Unwanted surface defects

Defects in surface structure can be generated anywhere during printing, varnishing, lamination, packaging or distribution.

In most cases the defects originate from the paperboard manufacturing procedure. It is thus a challenge to the paperboard manufacturer to obtain a surface as free from structure as possible. The basis of this ability is a profound understanding of the instances in the paperboard manufacturing process were surface problems are likely to originate and the knowledge of how to control the production.

Surface structure defects depend on the topography (three-dimensional irregularities) of the material as well as the in-plane (two-dimensional) irregularities that affect the absorption properties (for inks). Such irregularities can often have significant undesirable consequences.

The following table gives some examples of the most common defects caused by surface irregularities. These might not be visible until the paperboard is printed or varnished.


Defect on printed sample
  Conceivable origin in the paperboard
  Possible cause in paperboard manufacture

Missing dots in print

  Basic paperboard sheet
  Insufficient surface smoothness or low compressibility of the surface in the printing nip or both.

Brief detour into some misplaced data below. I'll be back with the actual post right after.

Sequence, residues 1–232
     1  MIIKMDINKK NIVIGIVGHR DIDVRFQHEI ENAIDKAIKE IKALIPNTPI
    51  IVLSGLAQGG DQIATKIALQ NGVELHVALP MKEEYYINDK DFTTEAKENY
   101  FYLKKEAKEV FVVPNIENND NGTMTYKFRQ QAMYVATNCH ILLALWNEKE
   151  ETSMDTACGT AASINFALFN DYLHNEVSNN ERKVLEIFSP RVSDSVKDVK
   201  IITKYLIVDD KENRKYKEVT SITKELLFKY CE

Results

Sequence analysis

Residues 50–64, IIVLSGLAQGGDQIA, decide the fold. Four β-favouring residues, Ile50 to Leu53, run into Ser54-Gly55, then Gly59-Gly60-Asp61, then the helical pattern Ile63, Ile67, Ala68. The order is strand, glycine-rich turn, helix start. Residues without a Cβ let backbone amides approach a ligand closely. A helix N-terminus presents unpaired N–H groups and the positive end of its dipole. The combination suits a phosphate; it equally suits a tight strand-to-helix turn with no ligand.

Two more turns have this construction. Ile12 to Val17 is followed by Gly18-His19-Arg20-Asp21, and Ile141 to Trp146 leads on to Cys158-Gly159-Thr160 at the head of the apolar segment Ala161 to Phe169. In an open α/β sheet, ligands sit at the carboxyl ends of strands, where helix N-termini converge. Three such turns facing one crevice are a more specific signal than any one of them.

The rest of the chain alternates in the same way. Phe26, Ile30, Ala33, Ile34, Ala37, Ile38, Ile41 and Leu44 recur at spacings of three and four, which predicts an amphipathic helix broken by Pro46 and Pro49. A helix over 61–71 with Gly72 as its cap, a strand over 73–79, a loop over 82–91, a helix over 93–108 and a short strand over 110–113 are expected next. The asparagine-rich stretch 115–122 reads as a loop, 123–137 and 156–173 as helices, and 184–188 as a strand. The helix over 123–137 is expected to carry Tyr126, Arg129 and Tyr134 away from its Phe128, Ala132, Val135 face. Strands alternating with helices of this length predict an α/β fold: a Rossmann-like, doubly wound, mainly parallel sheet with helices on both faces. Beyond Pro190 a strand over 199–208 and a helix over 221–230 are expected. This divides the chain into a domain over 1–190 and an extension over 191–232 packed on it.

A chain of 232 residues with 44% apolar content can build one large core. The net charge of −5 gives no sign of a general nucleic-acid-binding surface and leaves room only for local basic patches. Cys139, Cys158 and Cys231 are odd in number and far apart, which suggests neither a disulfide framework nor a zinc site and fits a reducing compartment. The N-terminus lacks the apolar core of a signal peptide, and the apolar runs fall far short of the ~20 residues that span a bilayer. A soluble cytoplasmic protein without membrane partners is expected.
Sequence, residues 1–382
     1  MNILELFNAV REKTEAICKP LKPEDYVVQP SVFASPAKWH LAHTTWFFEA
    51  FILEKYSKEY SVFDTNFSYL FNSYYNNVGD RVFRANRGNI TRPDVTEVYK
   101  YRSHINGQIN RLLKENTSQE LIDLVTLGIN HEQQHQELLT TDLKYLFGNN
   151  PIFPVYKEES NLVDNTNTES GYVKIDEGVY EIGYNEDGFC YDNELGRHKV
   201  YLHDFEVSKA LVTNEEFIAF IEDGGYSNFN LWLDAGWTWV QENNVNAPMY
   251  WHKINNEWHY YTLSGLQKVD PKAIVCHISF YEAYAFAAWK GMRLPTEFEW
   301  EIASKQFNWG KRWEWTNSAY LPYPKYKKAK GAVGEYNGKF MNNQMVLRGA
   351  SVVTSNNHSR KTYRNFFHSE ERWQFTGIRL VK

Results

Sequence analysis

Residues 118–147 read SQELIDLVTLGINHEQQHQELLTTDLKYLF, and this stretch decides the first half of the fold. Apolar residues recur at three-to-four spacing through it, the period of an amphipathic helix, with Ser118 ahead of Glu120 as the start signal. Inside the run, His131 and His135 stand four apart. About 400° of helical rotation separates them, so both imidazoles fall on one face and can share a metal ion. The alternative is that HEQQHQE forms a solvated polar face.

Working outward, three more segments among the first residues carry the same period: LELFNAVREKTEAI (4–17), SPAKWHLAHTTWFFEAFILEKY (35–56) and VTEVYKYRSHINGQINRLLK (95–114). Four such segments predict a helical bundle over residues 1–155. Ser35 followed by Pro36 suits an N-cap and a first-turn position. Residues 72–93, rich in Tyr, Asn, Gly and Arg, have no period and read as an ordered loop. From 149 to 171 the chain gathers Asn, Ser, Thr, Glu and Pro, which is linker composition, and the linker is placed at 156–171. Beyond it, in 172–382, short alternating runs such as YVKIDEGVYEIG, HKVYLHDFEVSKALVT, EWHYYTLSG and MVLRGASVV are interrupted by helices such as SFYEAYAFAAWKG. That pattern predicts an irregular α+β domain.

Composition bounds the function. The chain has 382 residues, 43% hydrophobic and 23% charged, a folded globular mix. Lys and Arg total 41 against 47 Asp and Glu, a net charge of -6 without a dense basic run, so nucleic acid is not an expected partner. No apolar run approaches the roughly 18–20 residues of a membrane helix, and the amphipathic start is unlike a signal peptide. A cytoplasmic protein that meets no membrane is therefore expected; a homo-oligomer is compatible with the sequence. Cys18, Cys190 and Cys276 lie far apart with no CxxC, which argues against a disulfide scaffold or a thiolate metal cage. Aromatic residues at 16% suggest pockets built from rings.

Fibrous structure (fibre wicking)
  Basic paperboard sheet
  Fibres not well bonded on the surface.
Ink or vernishing peeling   Improper combination of
paperboard, ink and varnish. Poor surface wettability.
  Choice of coating components. On plastic coated surfaces the cause can be insufficient corona treatment or incorrect handling of the paperboard.
Pinholes in plastic coated surface
  Paperboard surface or
plastic coating or both
  Excessively rough surface. The thickness of the plastic film is too low.
Ink smear on the printed sample
  Poor ink drying   Coating formula.
Mottling, print gloss
  Absorption variation
  Uneven density in paperboard plies and/or uneven coating. Gloss variation.
Orange peel structure (porous, uneven pattern which makes the surface look rough)
  Coating technique and settings.
Graininess (Z-direction)
  Basic paperboard sheet
  Choice of pulp and pulp treatment. Sheet forming technique.
Scratches – blade lines in print
  Straight lines in the machine direction (MD) on the coated surface from coating blade.
  Particles in the coating blade which disturb the smoothing of the coating colour. Rheology of the
coating formulation.
Indentations of different size experienced as unevenness on the surface   Machine equipment all the way from paperboard machine through to winders, sheeters, transport handling equipment and storing facilities for the paperboard.   Damage or impurities on rolls or other transport equipment for manufacturing, transportation handling and storage.


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825 80 Iggesund

+46 650 - 280 00

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